Are Millennial Moms Suffering From Depression & Anxiety More Than Previous Generations?

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With more and more research dedicated to understanding mental health, people are looking to make sweeping statements comparing one generation's mental health to the next. Millennials have earned a name for themselves in media and many are wondering: are millennial moms suffering higher or lower rates of depression and anxiety than previous generations?

Ever since the 1930s, young people in America have reported increasing anxiety and depression, according to The Cut. Employee assistance program provider Bensinger, Dupont, and Associates conducted research that concluded one in five millennials report experiencing depression. This is an increase from the 16 percent reported by Generation X employees and Baby Boomers.

For young women in particular, depression is seeing an increase. A study in the journal Pediatrics found that between 2005 and 2014, the number of depressed teens jumped by more than half a million — three-quarters of which were teenage girls. In comparison to men, millennial women are experiencing burnout at much higher rates, as reported by Fast Company.

This trend of millennial women leaving their jobs before 30 can’t be completely attributed to motherhood, as some might attempt to place blame there. A report published in the Harvard Business Review noted only 11 percent of women choose to leave the workplace permanently to have children.

Millennials have higher rates of depression overall and suffer from frequent stress, according to USA Today. An online survey of 2,020 adults ages 18 or older, conducted by Harris Interactive for the American Psychology Foundation, found that 39 percent say their stress has increased in the past year. USA Today reported that 52 percent say stress has kept them awake at night; and, more than any other generation, millennials report being told by a health care provider that they have depression or an anxiety disorder.

Using a 10-point scale where 1 means “little or no stress” and 10 means “a great deal of stress”, USA Today reported that the 2012 average was 4.9 throughout generations. But, for millennials alone, the average increased to 5.4.

So, why are millennials so depressed and anxious?

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It’s easy to make cracks about a generation, casting blame on either helicopter parents, laziness and narcissism, social media, or all of the above. But, the reality is, nobody has a clear reason for why rates of depression have been seeing such a steady increase. And along with that, there are a lot of obstacles in place when discussing mental health throughout generations. For example, the words “depression” and “anxiety” themselves have different meanings throughout time, along with different social implications. Additionally, mental health care access has never been great, with barriers existing along intersections of race, class, gender, and etc. Some of these barriers can be seen in depression amongst African Americans, with whom health care professionals have to navigate cultural understandings of mental health.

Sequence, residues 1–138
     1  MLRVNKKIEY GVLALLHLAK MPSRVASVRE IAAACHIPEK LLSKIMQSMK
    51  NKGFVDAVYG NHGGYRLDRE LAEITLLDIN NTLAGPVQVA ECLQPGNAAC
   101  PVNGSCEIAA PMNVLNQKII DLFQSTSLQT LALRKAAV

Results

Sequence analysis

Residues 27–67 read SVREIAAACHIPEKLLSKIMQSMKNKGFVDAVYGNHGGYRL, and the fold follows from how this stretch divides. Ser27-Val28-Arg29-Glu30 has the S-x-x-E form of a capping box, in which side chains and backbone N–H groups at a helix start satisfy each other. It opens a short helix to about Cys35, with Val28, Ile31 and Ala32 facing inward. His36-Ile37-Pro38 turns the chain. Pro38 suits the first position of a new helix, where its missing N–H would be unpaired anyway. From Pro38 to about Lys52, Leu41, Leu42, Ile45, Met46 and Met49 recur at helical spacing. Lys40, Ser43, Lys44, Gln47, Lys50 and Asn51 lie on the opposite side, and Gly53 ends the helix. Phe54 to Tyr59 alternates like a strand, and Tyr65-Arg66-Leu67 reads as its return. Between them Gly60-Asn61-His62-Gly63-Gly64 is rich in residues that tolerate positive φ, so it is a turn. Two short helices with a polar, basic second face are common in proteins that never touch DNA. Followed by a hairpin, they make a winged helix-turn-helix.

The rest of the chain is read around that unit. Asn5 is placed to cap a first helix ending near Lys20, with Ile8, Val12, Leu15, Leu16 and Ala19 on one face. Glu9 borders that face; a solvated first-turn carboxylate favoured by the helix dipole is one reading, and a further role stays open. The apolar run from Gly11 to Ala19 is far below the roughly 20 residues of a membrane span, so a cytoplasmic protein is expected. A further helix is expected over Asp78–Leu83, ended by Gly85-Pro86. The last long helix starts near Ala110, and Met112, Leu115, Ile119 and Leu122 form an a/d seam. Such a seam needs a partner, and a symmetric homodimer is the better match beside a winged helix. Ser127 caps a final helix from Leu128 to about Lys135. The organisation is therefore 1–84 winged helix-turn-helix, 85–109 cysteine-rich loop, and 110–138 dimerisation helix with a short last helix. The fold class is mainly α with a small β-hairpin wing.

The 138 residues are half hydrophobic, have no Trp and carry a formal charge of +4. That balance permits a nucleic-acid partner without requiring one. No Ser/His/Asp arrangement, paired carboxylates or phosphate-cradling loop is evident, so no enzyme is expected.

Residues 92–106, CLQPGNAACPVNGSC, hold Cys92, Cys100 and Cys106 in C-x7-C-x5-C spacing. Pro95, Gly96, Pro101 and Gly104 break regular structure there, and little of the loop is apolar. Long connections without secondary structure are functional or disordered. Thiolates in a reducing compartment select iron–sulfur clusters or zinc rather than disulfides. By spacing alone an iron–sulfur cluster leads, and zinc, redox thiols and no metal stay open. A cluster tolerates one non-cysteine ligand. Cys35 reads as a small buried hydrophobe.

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Jean Twenge, a social psychologist at San Diego State University, believes this trend of increased anxiety and depressions suggests that modern life is not good for mental health, according to The Cut. In order to by-pass some of the methodological obstacles, Twenge relies on surveys and inventories asking respondents about specific symptoms frequently correlated with anxiety and depression, The Cut reported. Some of the best data, then, comes from the Minnesota Multiphasic Personality Inventory (MMPI), which has been administered to high school and college students since the 1930s, with many questions about symptoms.

In a 2009 paper in Clinical Psychology Review, Twenge noted a clear increase in symptoms associated with anxiety and depression, based on MMPI questions. According to The Cut, Twenge believes that smaller families, higher divorce rates, and people getting married later in life may be having a negative affect.

But, the problem can also be tied back to methodology and access. An increased number of Americans are able to receive mental health services, with an increase of mental health professionals from a variety of backgrounds. For some, one of the barriers to access was the simple fact that there weren't any therapists who looked like them. Additionally, mental health issues can manifest differently based on someone’s cultural background, so having more information about that allows a larger number of people to be diagnosed by doctors and recorded in surveys.

It’s unlikely that there will be a definitive answer for the increasing anxiety and depression rates seen over the last generation. But, for now, people can at least be assured that while millennials are seeing higher rates, it’s not an isolated incident. Instead, it’s a trend, and one that will likely continue with Generation Z.

Check out Romper's new video series, Bearing The Motherload, where disagreeing parents from different sides of an issue sit down with a mediator and talk about how to support (and not judge) each other’s parenting perspectives. New episodes air Mondays on Facebook.